The display modules of the present invention, moreover, shows its excellent capability of configuring a large scale display device by combining a plurality of modules as explained previously. In such a case, for the mounting structure of display modules, all of the required modules can be mounted on the single mounting substrate 20 as shown in FIG. 4, but in addition to this, a sub-unit is formed by mounting previously the modules in the required numbers on the supporting substrate by a similar method. Moreover the display screen may be expanded gradually by mounting a plurality of such subunits on another substrate. In the case of using such interim unit structure, it is recommended to configure only the IC chips in units of characters or blocks and then assemble the structure of the display medium and cover glass provided thereon by stacking them in common for each sub-unit.
FIG. 6 is a partially cut-away perspective view of a model indicating a display device employing the sub-unit structure. In this figure, on the subunit substrate 21, a plurality of IC chips 22, integrating picture element electrodes, active elements corresponding to them and the address circuits as explained above are bonded. Thereafter a sub-unit SU is structured by providing thereon the common display medium layer 23 and the cover glass 24 attached through hermetic sealing. The connecting leads for the IC chips are concentrated on the subunit substrate 21 and then lead out to the connecting pin 25, and these lead wires are connected to the bus (not illustrated) on the master substrate 26 together with a plurality of subunits. Of course, a display module or subunit can be formed in the desired size and shape and the desired display can be obtained by combining different shapes and sizes of them.
As explained above, the primary feature of the present invention is found in economically offering a large scale display device employing comparatively small scale display modules which can easily be produced without defects as the unit of configuration. As a result, an embodiment of circuit structure which has an advantage for the combination of plural display modules is explained hereunder.
FIG. 7 shows basically the module circuit structure where the elements for providing the module selection function are added to the IC chip comprising the row and column shift registers as shown in FIG. 5 (a).
In FIG. 7, P11, P12,-, P75 are the picture element electrodes which are mutually insulated and formed on the silicon substrate 30 of the specified size in such a manner corresponding to the 5×7 dot matrix picture element arrangement and these are connected to the drain electrodes of the field effect transistors (FET) Q11, Q12,-, Q75 respectively as the active elements for selective driving. The source electrodes of these FETs for driving are connected to the character data shift register 31 via the common X conductor in each column in the longitudinal direction. This character data shift register 31 has the input terminal 32 for a character data signal CS, the input terminal 33 for the character data signal catch timing signal (CTS) and the output terminal 34. The gate electrodes of the FETs for driving are connected to the outputs of the AND gate circuit 35 via the common Y conductor in each row in the lateral direction. One input of this AND gate circuit 35 is connected with the scan shift register 38 providing the input terminal 36 for the scan signal SS and the input terminal 37 for the scan signal catch timing signal STS, while the other input is lead out to the input terminal 39 for the module selection signal MAS.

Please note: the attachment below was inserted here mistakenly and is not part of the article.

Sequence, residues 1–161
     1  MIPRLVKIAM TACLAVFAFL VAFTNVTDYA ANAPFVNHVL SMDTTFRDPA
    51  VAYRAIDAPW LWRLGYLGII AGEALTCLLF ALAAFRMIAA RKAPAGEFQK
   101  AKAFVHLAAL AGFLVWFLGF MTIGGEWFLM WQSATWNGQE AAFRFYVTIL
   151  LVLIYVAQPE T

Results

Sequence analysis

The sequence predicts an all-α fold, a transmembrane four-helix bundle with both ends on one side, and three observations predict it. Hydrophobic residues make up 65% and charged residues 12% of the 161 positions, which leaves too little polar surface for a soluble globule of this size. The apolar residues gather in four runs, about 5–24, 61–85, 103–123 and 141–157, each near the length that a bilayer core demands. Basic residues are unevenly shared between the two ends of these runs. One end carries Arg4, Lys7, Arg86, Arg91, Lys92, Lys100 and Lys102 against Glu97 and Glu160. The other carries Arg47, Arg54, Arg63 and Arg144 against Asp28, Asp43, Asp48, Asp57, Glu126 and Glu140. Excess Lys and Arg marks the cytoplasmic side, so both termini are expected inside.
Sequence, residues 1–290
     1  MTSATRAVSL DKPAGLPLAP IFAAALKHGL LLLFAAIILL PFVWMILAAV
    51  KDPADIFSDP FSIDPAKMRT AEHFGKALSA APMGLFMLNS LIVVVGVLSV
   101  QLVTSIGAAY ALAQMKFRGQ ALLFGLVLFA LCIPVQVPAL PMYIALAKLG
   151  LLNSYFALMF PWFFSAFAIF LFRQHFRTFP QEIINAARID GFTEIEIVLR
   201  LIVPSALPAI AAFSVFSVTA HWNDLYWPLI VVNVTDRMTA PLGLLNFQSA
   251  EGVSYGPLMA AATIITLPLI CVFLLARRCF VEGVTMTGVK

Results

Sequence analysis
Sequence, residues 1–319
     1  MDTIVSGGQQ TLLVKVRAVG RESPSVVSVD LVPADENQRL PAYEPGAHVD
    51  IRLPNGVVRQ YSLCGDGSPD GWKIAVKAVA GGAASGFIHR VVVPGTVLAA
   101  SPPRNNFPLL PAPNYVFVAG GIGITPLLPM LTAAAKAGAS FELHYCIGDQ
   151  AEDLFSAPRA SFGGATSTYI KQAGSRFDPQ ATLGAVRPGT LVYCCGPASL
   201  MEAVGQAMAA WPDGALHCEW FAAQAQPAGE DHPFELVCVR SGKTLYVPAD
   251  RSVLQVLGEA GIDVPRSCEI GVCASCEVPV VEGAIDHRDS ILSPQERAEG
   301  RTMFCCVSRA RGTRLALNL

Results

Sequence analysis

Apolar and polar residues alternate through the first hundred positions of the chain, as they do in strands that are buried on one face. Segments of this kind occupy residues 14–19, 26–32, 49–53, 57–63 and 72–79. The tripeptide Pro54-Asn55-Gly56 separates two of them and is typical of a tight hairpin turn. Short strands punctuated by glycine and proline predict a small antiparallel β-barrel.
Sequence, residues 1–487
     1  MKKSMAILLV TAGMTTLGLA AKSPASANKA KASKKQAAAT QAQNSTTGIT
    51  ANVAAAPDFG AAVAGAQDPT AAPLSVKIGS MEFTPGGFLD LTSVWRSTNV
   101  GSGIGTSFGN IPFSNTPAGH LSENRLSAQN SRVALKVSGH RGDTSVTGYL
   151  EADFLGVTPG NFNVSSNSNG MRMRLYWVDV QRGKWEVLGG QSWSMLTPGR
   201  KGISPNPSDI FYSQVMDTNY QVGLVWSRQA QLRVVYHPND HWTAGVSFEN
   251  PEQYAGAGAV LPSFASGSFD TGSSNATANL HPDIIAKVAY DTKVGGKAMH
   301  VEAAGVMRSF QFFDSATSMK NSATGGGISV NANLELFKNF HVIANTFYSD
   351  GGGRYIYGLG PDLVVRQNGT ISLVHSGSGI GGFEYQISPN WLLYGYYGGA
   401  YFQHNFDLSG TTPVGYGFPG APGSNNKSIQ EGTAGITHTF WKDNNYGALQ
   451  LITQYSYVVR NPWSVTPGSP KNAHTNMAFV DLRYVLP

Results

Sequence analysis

FIG. 8 outlines an embodiment of the structure of the modular display device wherein a plurality of single character modules as explained above are arranged longitudinally and laterally. In this case, a total of 256 display modules DM1 to DM256 are arranged in the form of matrix of 32 columns and 8 rows in order to form the display screen of 32 characters×8 rows. The 32 display modules DM1 -DM32,-, DM225 -DM256 of each row are respectively mounted on the common subunit substrate, thus forming the display blocks DB1 to DB8 in unit of row, and the terminals 33, 36, 37 and 39 of display modules included in each block are respectively connected in common in units of row. In addition, the character data shift register 31 in each display module is connected in series to the input terminal 32 of the adjacent register via the output terminal 34.